It's not so much that a camera like the 24mp D7200 is perfect, it's that compared to a D80 it just has us fighting the right fights, not struggling along with fights that have long since been decided. 

So here we go. Here are the Nikon DSLRs I think are clearly above the useful line and aren't pressuring you to think about upgrading:

  • DX — D500, D7100, D7200, any 24mp D3xxx or D5xxx
  • FX — Df, D6xx, D700, D750, D8xx, D3 series, D4 series, D5

If you've got one of those bodies, you need not be in a hurry to upgrade. If something compelling comes along, great, pull the trigger. But you shouldn't feel like you're far behind the crowd. 

If you're using a Nikon DSLR not on that list, you're missing out. Missing out in performance, missing out in features, missing out in control, missing out in virtually everything that matters to getting great image data out of a camera.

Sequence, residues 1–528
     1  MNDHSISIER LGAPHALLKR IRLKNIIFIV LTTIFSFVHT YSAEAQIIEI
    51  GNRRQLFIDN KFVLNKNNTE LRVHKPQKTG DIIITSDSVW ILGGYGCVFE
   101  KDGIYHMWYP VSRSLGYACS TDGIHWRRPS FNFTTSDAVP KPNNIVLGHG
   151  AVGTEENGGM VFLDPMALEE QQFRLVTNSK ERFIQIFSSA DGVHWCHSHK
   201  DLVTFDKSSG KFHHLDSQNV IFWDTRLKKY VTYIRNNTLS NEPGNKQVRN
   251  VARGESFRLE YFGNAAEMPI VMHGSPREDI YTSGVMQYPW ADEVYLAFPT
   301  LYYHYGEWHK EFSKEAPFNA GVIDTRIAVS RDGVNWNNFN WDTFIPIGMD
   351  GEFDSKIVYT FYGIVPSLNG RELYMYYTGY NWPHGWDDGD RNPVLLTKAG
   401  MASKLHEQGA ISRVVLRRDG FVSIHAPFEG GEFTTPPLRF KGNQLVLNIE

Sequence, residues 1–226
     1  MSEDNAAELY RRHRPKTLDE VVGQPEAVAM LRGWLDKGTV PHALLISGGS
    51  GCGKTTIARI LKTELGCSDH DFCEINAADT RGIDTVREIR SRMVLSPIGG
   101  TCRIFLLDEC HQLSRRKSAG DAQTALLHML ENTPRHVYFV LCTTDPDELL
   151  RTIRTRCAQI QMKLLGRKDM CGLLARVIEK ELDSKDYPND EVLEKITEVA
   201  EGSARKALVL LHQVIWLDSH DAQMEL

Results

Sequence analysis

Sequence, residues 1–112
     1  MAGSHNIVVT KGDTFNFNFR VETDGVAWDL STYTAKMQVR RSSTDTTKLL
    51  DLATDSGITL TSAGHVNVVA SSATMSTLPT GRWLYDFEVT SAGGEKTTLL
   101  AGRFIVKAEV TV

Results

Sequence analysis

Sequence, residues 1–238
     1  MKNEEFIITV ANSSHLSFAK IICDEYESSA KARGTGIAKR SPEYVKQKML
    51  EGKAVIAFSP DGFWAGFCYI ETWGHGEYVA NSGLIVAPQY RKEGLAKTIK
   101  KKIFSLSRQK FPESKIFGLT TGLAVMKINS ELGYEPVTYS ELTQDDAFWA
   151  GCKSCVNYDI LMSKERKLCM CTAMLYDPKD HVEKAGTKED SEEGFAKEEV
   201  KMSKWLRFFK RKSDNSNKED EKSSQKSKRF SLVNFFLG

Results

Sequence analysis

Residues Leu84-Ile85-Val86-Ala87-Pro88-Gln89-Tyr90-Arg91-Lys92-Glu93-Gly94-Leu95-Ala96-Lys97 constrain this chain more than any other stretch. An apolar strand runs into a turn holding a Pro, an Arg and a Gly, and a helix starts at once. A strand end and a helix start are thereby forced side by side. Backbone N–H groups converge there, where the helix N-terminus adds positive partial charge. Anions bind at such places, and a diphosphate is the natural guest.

You'll note that I left out the 12mp DX bodies, including the D300/D300s. This was a tough decision, but it really boils down to this: DX sensors changed pretty significantly for the better after the D90, and the extra resolution is an additional help to keep you well out of the "smartphone can do that" realm. But frankly, the D500 is so much a better camera than the D300s it replaces, there's a night and day thing happening here. Things you struggled with using a D300s just go away with the D500. That doesn't mean there won't be other things you struggle with using a D500, only that you'll climb up the mountain some more and play at a higher level.

I reluctantly included the 12mp FX bodies here. Technically, that old 12mp Nikon sensor still performs at levels that are competitive. If you don't have to crop. If you aren't printing large. The bodies that have that sensor are well made, fully featured, and have very usable autofocus systems, though not really smart and fast ones like we now have. That said, the D4/D4s runs rings around the D3/D3s at low ISO values in terms of dynamic range, so is a better-rounded camera. And the D5 shows us that focus performance still has much more it can give us. So the D3/D3s/D700 are nearing their last legs competitively, and if you own those cameras, your upgrade time is coming soon, I think. 

How about the Canon DSLRs?